, week of
Feb. 13, 2017
1. President Trump
As a candidate for president, Donald Trump vowed he would “shake things up” in Washington, D.C. if elected. He has certainly done that. In his first weeks of office he has announced new policies on immigration and health care, fired the acting attorney general when she refused to implement his immigration ban on refugees from Muslim nations, and repeatedly attacked the news media for being “dishonest.” Many of his actions have been taken in the form of Executive Orders, which do not require the approval of senators or representatives in the U.S. Congress. Every president has used Executive Orders, but their power is not unlimited. Some changes still require votes by members of Congress. But Executive Orders can set the tone or agenda for a president by showcasing actions he wants to take. In the newspaper or online, find and closely read stories about Executive Orders issued by President Trump, and how they have been received. Use what you read to write a short editorial giving your opinion on how much you think a president should use Executive Orders when making policy.
Common Core State Standards: Writing opinion pieces on topics or texts, supporting a point of view with reasons and information; citing specific textual evidence when writing or speaking to support conclusions.
2. Jailers Abusing Mentally Ill
Mentally ill inmates are abused physically by guards in U.S. prisons, a Human Rights Watch report contends. Abuses include being doused with chemical sprays, shocked with electronic stun guns and strapped to furniture for hours, the rights group says. Those suffering from serious mental illnesses are often punished physically for commonplace behaviors, such as profanity and banging on cell doors, the report says. The report faults prisons for failing to offer adequate mental health treatment; for doing too little to protect the mentally ill from physical abuse by staff members; for not adequately training staff to deal with the mentally ill, and for leadership that is not sufficiently focused on mental health issues. People who have mental health issues often need special services or treatments. But publicly funded institutions like prisons often do not have the money or leadership to provide those services. In the newspaper or online find and closely read a story about the availability or need for mental health services in a community. Use what you read to write a letter to the editor summarizing one service that is needed and how it could be provided.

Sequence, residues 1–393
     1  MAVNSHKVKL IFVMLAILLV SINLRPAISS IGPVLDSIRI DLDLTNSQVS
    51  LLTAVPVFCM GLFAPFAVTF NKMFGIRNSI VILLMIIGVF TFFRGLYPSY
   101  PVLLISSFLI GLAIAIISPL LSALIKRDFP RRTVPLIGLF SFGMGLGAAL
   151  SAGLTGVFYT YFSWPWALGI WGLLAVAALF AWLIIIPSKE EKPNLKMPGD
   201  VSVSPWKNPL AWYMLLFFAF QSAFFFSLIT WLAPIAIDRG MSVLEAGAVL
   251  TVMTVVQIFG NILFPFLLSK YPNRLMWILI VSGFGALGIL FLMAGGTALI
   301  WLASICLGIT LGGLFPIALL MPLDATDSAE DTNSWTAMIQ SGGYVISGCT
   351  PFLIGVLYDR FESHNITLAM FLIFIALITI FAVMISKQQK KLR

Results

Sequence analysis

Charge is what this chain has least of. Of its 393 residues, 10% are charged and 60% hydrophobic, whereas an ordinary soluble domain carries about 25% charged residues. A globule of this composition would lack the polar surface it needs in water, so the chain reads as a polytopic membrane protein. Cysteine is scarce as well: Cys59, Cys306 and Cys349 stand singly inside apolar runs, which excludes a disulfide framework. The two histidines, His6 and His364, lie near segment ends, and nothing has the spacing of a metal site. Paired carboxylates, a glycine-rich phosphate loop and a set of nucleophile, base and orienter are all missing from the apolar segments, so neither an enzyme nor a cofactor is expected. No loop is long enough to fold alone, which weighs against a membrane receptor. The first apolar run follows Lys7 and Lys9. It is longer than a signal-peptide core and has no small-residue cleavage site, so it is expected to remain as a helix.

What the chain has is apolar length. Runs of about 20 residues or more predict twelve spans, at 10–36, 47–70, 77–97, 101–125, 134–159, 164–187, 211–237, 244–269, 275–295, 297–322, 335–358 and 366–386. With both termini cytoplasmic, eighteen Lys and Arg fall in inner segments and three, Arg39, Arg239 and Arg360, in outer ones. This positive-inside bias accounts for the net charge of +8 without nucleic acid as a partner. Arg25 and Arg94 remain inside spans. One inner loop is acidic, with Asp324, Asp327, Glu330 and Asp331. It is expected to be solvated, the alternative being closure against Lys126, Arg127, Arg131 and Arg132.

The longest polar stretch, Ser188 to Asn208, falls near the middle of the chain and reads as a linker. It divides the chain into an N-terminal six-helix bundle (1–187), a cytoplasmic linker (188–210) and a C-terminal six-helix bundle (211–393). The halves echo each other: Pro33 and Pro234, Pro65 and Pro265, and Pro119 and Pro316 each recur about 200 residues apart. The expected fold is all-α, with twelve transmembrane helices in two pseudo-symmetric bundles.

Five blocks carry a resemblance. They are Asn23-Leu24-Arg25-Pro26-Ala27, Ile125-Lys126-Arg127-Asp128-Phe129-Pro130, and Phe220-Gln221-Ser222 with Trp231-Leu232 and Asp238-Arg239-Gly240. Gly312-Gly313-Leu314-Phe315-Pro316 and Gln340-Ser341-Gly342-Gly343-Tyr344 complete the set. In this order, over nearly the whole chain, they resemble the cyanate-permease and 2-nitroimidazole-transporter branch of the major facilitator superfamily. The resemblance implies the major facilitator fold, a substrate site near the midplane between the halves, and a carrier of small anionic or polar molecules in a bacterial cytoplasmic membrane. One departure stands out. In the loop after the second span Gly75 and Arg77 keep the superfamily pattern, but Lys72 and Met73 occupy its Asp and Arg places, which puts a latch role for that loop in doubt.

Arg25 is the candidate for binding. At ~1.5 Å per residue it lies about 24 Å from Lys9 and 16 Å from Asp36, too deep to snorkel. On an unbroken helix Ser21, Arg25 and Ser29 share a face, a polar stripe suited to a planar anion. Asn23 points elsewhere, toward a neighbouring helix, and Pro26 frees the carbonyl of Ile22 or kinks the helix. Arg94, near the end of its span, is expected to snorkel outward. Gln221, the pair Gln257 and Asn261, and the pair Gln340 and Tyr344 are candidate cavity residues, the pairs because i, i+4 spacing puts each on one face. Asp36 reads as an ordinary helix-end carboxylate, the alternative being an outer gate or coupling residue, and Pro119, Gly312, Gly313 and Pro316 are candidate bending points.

Common Core State Standards: Producing clear and coherent writing in which the development, organization and style are appropriate to the task; citing specific textual evidence when writing or speaking to support conclusions.
3. Meat Eaters